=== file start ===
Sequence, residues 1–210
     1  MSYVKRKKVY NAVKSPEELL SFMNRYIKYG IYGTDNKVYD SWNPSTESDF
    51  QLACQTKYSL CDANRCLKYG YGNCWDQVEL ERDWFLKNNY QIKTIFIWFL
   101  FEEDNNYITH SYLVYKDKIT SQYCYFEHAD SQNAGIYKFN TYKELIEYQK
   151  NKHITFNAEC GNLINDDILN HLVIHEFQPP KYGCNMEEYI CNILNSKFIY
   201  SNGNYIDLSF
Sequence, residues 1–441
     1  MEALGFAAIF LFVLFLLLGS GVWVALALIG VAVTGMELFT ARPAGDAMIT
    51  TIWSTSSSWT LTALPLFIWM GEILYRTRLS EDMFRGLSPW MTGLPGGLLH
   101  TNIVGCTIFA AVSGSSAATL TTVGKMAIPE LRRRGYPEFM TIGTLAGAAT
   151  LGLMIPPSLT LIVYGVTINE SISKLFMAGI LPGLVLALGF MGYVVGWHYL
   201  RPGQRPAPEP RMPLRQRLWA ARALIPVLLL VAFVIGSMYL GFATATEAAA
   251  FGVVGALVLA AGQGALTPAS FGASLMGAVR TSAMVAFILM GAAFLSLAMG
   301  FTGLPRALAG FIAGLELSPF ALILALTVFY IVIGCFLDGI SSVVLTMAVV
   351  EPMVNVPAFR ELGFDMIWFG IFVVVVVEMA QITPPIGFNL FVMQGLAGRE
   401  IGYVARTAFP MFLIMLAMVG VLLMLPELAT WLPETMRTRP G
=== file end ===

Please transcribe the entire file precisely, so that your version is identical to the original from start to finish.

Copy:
Sequence, residues 1–210
     1  MSYVKRKKVY NAVKSPEELL SFMNRYIKYG IYGTDNKVYD SWNPSTESDF
    51  QLACQTKYSL CDANRCLKYG YGNCWDQVEL ERDWFLKNNY QIKTIFIWFL
   101  FEEDNNYITH SYLVYKDKIT SQYCYFEHAD SQNAGIYKFN TYKELIEYQK
   151  NKHITFNAEC GNLINDDILN HLVIHEFQPP KYGCNMEEYI CNILNSKFIY
   201  SNGNYIDLSF
Sequence, residues 1–441
     1  MEALGFAAIF LFVLFLLLGS GVWVALALIG VAVTGMELFT ARPAGDAMIT
    51  TIWSTSSSWT LTALPLFIWM GEILYRTRLS EDMFRGLSPW MTGLPGGLLH
   101  TNIVGCTIFA AVSGSSAATL TTVGKMAIPE LRRRGYPEFM TIGTLAGAAT
   151  LGLMIPPSLT LIVYGVTINE SISKLFMAGI LPGLVLALGF MGYVVGWHYL
   201  RPGQRPAPEP RMPLRQRLWA ARALIPVLLL VAFVIGSMYL GFATATEAAA
   251  FGVVGALVLA AGQGALTPAS FGASLMGAVR TSAMVAFILM GAAFLSLAMG
   301  FTGLPRALAG FIAGLELSPF ALILALTVFY IVIGCFLDGI SSVVLTMAVV
   351  EPMVNVPAFR ELGFDMIWFG IFVVVVVEMA QITPPIGFNL FVMQGLAGRE
   401  IGYVARTAFP MFLIMLAMVG VLLMLPELAT WLPETMRTRP G